Most athletes are very familiar with the muscle fatigue that can come after hard exercise.
Over time, the buildup of muscle fatigue may affect athletic performance, as well as increase the time needed for recovery between bouts of exercise. This can be debilitating and frustrating for professional athletes, those who exercise regularly, and even the “weekend warriors” who may only engage in exercise once a week or less.
What if there was a simple, effective method not only to treat muscles after exercise, but also beforehand, to prevent excessive buildup of serum lactate and creatine kinase (CK), which lead to muscle fatigue?
A randomized trial, published in the February 2014 issue of Photomedicine and Laser Surgery, found that low level laser therapy might be the solution to treating debilitating muscle fatigue in athletes.
In this trial, a group of 27 male athletes were divided into three groups—placebo, pre-fatigue, and post-fatigue—to determine the effects of low level laser therapy (830 nm) on skeletal muscle fatigue before and after exercise. The experiment was performed in two sessions that were a week apart. The subjects did two sessions of stretching, followed by blood collection to determine the amount of serum lactate and CK in the muscles before and after quadriceps muscle fatigue induced by leg lifts.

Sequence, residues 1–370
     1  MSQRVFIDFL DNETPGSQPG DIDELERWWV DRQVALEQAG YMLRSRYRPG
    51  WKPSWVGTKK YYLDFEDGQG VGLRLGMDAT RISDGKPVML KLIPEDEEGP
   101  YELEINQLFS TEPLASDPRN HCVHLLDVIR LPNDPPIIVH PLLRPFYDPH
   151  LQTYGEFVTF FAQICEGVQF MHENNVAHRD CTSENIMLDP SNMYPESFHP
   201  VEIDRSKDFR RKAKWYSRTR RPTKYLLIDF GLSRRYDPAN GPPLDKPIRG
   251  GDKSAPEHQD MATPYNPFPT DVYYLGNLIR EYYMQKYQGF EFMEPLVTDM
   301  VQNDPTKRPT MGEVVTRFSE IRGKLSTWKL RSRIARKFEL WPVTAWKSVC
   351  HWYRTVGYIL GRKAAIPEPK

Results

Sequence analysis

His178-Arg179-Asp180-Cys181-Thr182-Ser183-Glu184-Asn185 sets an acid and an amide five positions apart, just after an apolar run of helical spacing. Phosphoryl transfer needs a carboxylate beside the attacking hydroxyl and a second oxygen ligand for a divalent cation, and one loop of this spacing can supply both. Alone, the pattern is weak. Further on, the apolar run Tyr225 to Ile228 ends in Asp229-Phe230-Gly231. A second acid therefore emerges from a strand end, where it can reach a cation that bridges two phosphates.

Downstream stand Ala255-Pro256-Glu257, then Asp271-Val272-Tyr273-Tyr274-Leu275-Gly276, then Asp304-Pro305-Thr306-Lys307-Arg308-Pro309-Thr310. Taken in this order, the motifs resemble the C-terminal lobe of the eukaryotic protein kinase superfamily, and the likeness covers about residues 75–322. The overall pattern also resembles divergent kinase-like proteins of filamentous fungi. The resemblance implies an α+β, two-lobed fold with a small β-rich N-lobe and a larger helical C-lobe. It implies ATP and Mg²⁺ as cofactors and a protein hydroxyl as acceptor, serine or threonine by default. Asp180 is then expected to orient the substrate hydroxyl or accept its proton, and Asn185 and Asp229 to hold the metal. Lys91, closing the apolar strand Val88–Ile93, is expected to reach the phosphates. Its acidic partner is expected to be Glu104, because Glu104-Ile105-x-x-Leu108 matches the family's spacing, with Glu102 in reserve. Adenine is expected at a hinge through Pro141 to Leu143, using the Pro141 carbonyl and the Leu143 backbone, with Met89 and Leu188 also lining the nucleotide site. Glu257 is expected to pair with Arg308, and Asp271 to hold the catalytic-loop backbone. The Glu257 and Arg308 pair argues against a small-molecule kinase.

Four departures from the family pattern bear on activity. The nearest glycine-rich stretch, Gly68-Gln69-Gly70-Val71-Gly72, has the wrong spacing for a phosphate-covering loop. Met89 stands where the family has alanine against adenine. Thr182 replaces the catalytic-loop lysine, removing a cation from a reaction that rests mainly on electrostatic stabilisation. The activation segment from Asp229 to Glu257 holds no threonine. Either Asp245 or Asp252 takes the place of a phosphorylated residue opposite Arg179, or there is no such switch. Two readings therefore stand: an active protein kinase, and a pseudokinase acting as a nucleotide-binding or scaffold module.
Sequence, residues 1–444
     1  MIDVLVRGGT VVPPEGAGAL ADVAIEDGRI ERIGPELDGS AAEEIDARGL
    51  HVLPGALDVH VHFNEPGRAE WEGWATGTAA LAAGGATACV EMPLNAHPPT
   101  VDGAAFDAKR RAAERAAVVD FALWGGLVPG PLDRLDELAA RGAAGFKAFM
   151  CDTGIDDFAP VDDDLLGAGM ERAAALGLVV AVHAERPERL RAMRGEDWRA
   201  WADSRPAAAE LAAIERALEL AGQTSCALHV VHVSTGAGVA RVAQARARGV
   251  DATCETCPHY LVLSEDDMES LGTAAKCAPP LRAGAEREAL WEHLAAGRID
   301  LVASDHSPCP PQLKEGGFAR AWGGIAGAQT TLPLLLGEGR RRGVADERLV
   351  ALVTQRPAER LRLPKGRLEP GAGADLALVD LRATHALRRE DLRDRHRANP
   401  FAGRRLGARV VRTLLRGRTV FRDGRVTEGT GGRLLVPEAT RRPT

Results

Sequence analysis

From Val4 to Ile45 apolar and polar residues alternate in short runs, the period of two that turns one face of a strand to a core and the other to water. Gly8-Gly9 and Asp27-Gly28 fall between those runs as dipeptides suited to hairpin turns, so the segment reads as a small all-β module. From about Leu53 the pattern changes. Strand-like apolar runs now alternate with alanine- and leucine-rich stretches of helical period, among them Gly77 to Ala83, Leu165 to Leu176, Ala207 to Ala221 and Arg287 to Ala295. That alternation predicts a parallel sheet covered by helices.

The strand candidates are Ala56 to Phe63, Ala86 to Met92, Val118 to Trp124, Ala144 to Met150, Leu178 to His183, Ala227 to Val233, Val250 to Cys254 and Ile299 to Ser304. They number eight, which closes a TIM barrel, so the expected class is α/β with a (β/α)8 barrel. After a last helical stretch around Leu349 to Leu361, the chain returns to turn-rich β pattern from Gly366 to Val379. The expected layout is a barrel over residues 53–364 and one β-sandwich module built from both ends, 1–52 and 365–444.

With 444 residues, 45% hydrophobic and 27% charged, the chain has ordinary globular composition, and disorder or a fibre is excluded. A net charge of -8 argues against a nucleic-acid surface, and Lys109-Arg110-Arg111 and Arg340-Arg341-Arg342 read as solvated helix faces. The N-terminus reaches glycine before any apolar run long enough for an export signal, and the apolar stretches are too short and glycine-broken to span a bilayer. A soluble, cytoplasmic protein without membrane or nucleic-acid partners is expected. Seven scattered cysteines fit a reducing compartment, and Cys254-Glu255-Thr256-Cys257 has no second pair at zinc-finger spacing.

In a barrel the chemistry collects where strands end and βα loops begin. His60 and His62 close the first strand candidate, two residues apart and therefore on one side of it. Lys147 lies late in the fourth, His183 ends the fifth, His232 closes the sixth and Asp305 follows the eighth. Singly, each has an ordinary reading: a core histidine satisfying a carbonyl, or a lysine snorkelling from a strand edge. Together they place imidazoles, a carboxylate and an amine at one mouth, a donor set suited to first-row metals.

An infrared laser device was used on the femoral quadriceps at 70 seconds per leg. The researchers measured the number of repetitions and time until muscle fatigue as primary outcomes. Serum lactate (before and five, 10, and 15 minutes after exercise) and CK levels (before and five minutes after exercise) were secondary outcomes.
The number of leg lift repetitions and time until muscle fatigue were similar for all three groups. However, those athletes who received post-fatigue laser treatment had significantly lower serum lactate concentration than those who received the placebo treatment. Furthermore, serum lactate levels also significantly decreased within the post-fatigue group over time. The CK levels were also lower in the post-fatigue group.
The researchers concluded: “Laser application either before or after fatigue reduced the post-fatigue concentrations of serum lactate and CK. The results were more pronounced in the post-fatigue laser group.”
Based on this research, it would appear that low level laser therapy can be a valuable addition to any chiropractor’s treatment regimen to reduce muscle fatigue for those patients who regularly exercise or participate in sports.
Dos Reis FA, da Silva BA, Laraia EM, de Melo RM, et al. Effects of pre- or post-exercise low-level laser therapy (830 nm) on skeletal muscle fatigue and biochemical markers of recovery in humans: double-blind placebo-controlled trial. Photomed Laser Surg. 2014;32(2):106–112.